At the wedding he says I took my wife off the pill, it wasn’t easy. I say, Oh that’s terrible. (Imagine being a wife, being taken, taking off somehow, what kind of weight I don’t know— The men at work …
Hour of bright & dim; such stillness you could skate, crack to beneath – Circling out, not yet dark enough to watch traces of universe, blinking down. Only the glimmer & still. One last swerve & you are returned, the …
MTC Cronin’s ‘The Flower, the Thing’ is a favourite poem; one to which I often return. What strikes me immediately – and what stays with me – is its first word: ‘urgently’. That word sucks its reader in; it says that what comes after is ‘urgent’, is going to pull at you. It says, read on.
‘A few almond trees / had a few flowers, like a few snowflakes / out of the blue looking pink in the light’ —James Schuyler We sleep through its becoming, the growth a mimicry of ice & bud – Do …
Fittingly tiny by way of physical size, Captives is a beautifully produced collection of micro-fiction by the Melbourne author and critic Angela Meyer (known also as the blog writer, Literary Minded). While in a poetry-dedicated journal such as Cordite Poetry Review, it may seem odd to be reviewing a book that makes no explicit claims to being poetry – or, more specifically, the difficult-to-define mode of prose poetry – Meyer’s micro-fictions do seem to invite comparisons with contemporary prose poetry.
Frank O’Hara has a poem unambiguously and humorously titled ‘You Are Gorgeous and I’m Coming’. As pastiche or homage – even incidentally – the first two poems from the six-part sequence that opens Jill Jones’s stunning new collection The Beautiful Anxiety are titled: ‘1. Hold On’, and ‘2. I’m Coming’ (‘My Ruined Lyrics’). The present continuous tense of the verb ‘to come’ is thematically apt everywhere in this collection. Not only are poems throughout The Beautiful Anxiety sensual and frequented by moments of desire or quiet ecstasy, they are constantly ‘coming’ in the sense that they are arriving.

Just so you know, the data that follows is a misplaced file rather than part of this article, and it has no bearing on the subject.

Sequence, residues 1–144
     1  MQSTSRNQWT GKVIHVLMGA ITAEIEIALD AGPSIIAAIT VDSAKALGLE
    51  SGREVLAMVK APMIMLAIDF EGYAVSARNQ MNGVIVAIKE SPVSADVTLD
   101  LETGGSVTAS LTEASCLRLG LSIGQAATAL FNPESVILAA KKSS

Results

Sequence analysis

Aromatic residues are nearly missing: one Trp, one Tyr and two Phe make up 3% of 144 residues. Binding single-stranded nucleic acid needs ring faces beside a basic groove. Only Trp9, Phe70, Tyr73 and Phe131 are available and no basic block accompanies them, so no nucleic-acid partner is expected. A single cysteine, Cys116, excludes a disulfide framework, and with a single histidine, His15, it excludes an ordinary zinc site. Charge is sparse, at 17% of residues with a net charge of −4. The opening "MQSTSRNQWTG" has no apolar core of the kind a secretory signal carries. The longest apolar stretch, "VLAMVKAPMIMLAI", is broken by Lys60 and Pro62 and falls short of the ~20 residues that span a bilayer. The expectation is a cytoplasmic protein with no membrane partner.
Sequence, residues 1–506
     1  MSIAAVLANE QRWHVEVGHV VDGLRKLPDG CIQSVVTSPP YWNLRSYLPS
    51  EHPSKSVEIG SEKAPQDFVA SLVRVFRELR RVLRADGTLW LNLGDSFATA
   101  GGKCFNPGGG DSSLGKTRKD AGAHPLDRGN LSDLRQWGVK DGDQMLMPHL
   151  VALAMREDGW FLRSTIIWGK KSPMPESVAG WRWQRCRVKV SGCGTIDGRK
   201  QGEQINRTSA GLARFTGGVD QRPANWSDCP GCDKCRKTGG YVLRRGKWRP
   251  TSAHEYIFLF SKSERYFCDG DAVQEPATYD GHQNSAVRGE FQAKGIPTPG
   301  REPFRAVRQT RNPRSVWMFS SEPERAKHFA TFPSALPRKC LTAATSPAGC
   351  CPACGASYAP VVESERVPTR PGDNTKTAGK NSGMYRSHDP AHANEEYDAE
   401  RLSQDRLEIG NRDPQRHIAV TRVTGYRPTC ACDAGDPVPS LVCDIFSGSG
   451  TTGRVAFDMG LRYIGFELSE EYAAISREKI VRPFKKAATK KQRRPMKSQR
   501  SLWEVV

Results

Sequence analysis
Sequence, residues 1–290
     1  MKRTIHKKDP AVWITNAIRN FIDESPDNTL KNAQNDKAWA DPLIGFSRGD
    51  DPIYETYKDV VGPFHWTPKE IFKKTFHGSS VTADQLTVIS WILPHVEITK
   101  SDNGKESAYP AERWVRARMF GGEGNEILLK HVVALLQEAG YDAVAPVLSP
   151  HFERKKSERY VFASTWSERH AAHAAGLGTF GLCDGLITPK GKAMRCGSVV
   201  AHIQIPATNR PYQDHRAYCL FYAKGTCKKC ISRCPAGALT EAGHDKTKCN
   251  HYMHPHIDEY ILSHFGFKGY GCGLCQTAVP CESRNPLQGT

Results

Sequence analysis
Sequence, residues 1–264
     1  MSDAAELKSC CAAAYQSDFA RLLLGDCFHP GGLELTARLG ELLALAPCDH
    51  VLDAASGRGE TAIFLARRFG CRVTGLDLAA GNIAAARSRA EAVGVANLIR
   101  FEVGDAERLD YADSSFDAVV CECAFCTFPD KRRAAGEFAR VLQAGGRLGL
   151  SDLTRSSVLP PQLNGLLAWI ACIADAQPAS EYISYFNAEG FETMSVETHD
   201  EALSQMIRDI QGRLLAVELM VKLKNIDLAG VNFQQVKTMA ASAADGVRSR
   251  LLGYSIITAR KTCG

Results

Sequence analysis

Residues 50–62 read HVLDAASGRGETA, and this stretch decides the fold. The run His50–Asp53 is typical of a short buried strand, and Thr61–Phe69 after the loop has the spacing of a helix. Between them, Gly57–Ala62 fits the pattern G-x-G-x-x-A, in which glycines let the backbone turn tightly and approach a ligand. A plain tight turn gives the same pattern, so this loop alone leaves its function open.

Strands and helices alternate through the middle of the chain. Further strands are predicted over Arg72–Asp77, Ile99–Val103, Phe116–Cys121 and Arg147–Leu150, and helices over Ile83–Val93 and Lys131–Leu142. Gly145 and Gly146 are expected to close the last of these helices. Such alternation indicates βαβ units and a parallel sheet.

It is often interesting to read a poet’s work in relation to comments they’ve made about their own poetry (with whatever cautions you may wish to place upon such self-readings). Rebecca Law’s poem ‘Mirror and Girl’ was commended for the 2011 Overland Judith Wright Prize for New and Emerging Poets, and in an interview with the prize’s judge – poet, scholar and Overland’s poetry editor, Peter Minter – Law commented on her writing more generally: “I am reading Charles Baudelaire, Paul Verlaine, Victor Hugo and Paul Eluard because I am interested in the surreal, the symbolic and the sublime as romantic concepts that displace and liberate the word from a human preoccupation with living and dying. Contemporary French authors such as Michel Deguy, Philippe Beck and Jude Stefan transcend these concepts a little further and ‘follow’ language, allowing the word to ‘say’ rather than be ‘said’.”
After a line by Veronica Forrest-Thomson Slight kitchen views from white sheets —warmth of breath and skin— there are tile shapes in the lino, just enough window sun to mistake for a lit globe, a yellowing of day taking shape …
Rain streaks the window. Somehow her hair holds the smell of matches struck. The wind is loose around walls outside, tying itself up in trees (birch leaves soft as ash). She watches: breath showing and fading on glass. He said …